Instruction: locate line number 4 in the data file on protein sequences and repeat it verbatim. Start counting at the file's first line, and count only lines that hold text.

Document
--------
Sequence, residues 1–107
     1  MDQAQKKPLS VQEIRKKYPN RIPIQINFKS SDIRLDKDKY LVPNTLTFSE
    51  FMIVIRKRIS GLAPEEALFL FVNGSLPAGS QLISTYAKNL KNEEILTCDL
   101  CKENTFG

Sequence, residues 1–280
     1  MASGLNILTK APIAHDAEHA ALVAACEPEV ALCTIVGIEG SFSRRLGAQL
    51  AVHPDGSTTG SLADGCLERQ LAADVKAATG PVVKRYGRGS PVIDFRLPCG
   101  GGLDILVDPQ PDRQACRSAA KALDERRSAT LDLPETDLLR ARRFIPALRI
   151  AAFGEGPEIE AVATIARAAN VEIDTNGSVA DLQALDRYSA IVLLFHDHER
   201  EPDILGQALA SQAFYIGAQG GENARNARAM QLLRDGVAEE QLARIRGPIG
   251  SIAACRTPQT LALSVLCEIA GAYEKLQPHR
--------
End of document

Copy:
   101  CKENTFG